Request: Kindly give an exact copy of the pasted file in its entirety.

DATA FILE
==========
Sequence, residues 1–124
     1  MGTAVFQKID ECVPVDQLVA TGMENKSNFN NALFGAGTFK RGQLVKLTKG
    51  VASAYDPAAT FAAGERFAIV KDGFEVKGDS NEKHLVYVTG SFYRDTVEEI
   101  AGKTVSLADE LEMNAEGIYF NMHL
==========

Sequence, residues 1–124
     1  MGTAVFQKID ECVPVDQLVA TGMENKSNFN NALFGAGTFK RGQLVKLTKG
    51  VASAYDPAAT FAAGERFAIV KDGFEVKGDS NEKHLVYVTG SFYRDTVEEI
   101  AGKTVSLADE LEMNAEGIYF NMHL